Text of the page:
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Voter registration

O'Dell, Hunter Pitts "Jack"

A valued organizer and fundraiser who was unapologetic about his early Communist associations, Hunter Pitts “Jack” O’Dell ranks among the most controversial figures of the civil rights movement. His role in the Southern Christian Leadership Conference (SCLC) was used by detractors as ammunition against both Martin Luther King, Jr., and the civil rights movement at large. As O’Dell wrote to King upon his departure from SCLC: “Not the least formidable of the obstacles blocking the path to Freedom is the anti-Communist hysteria in our country which is deliberately kept alive by the defenders of the status-quo as a barrier to rational thinking on important social questions” (O’Dell, 12 July 1963).

Approximately 250 Montgomery residents attempt to register to vote; King opens MIA meeting at Mt. Zion AME Zion Church

Approximately two hundred and fifty black Montgomery residents attempt to register at the Board of Registrars office. King later delivers opening remarks at an MIA meeting on voter registration at Mt. Zion AME Zion Church.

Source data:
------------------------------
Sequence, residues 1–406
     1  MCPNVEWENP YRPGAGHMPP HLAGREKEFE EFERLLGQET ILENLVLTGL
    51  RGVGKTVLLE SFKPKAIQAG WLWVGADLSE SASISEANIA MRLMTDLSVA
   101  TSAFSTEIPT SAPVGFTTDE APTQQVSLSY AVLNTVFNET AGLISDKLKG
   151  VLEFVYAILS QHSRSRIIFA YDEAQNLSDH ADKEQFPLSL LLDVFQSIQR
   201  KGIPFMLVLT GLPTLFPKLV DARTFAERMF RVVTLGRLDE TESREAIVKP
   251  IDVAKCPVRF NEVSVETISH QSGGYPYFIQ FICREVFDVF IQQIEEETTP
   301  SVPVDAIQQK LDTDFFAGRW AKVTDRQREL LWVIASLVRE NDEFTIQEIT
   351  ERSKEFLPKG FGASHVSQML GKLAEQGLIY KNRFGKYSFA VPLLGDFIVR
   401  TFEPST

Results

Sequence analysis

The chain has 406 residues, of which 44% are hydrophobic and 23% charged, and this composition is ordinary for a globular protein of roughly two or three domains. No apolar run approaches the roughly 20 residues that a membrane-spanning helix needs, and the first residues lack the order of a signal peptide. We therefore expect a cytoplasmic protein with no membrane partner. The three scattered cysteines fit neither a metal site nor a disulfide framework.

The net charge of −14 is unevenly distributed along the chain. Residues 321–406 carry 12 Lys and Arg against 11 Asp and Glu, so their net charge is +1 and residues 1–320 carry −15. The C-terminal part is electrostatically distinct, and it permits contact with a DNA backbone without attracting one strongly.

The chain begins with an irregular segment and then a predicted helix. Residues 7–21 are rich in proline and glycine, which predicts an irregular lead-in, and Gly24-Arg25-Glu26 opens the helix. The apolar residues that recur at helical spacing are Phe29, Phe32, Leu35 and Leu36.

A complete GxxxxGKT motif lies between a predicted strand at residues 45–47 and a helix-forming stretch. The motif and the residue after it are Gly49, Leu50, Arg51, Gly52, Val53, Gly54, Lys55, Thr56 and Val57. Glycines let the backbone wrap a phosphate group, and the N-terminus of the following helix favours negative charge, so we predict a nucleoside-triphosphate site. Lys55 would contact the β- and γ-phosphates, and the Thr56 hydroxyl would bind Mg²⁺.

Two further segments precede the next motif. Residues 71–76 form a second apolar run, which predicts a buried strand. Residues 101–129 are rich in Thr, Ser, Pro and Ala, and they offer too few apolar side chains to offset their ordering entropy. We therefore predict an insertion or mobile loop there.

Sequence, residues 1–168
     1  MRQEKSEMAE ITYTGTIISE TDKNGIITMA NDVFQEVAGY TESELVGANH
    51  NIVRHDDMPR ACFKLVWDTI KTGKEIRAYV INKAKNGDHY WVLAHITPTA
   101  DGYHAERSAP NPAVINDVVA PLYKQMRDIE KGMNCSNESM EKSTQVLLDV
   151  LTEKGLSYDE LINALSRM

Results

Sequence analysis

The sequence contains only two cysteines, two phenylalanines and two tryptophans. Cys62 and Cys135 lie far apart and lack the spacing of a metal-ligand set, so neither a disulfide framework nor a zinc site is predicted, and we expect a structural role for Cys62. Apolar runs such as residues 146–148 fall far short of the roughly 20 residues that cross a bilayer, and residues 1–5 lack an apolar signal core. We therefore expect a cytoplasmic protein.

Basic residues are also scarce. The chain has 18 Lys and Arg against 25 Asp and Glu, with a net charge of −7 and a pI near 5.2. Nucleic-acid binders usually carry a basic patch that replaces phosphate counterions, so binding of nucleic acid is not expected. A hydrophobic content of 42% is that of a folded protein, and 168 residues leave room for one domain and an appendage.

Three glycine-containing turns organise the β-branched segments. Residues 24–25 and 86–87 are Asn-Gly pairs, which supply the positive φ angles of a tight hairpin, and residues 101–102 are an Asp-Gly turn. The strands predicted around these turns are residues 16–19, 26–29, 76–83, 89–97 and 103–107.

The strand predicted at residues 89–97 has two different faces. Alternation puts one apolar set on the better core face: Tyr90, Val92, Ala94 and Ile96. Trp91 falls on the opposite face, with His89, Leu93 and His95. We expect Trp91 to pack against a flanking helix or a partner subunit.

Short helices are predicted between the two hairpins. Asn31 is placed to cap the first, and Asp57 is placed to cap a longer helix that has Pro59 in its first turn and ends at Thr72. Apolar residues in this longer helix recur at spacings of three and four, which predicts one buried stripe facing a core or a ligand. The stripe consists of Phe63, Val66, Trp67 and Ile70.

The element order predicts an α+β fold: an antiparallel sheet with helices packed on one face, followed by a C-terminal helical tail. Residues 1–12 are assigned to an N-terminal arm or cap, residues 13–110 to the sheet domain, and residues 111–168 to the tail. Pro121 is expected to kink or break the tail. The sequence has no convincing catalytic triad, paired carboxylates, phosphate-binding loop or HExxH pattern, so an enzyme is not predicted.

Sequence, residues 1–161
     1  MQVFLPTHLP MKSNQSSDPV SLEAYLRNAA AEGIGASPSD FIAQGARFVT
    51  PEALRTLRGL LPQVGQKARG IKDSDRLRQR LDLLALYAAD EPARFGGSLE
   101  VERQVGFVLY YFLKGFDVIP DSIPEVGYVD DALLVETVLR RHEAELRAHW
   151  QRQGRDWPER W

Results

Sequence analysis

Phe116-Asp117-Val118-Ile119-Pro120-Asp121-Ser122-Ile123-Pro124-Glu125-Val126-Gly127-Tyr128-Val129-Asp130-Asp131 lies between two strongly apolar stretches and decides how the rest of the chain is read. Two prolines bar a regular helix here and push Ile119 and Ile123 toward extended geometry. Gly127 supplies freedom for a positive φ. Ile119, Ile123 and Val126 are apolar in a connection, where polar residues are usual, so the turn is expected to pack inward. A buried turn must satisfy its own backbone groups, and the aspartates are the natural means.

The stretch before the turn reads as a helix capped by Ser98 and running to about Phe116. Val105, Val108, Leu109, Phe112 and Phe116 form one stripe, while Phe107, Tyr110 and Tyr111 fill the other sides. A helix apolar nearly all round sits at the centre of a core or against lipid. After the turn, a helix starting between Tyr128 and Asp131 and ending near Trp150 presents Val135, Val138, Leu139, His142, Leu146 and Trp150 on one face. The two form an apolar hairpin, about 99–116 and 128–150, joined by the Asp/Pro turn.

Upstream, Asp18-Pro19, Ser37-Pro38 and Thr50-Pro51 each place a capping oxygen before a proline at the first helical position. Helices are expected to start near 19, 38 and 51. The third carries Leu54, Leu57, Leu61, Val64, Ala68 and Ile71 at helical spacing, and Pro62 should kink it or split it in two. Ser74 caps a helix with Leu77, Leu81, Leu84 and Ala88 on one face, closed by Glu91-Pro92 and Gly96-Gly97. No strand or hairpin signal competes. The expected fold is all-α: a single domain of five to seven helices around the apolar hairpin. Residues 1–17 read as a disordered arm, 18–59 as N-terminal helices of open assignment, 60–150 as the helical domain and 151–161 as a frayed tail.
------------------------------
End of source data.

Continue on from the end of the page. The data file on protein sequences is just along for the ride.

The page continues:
Freedom Summer

Although the Student Nonviolent Coordinating Committee (SNCC) had labored for civil rights in rural Mississippi since 1961, the organization found that intense and often violent resistance by segregationists in rural areas of Mississippi would not allow for the kind of direct action campaigns that had been successful in urban areas such as Montgomery and Birmingham. The 1964 Freedom Summer project was designed to draw the nation’s attention to the violent oppression experienced by Mississippi blacks who attempted to exercise their constitutional rights, and to develop a grassroots freedom movement that could be sustained after student activists left Mississippi.

Jackson, Jimmie Lee

On the night of 18 February 1965, an Alabama state trooper shot Jimmie Lee Jackson in the stomach as he tried to protect his mother from being beaten at Mack’s Café. Jackson, along with several other African Americans, had taken refuge there from troopers breaking up a night march protesting the arrest of James Orange, a field secretary for the Southern Christian Leadership Conference (SCLC) in Marion, Alabama. Jackson died from his wounds eight days later. Speaking at his funeral, King called Jackson “a martyred hero of a holy crusade for freedom and human dignity” (King, 3 March 1965).


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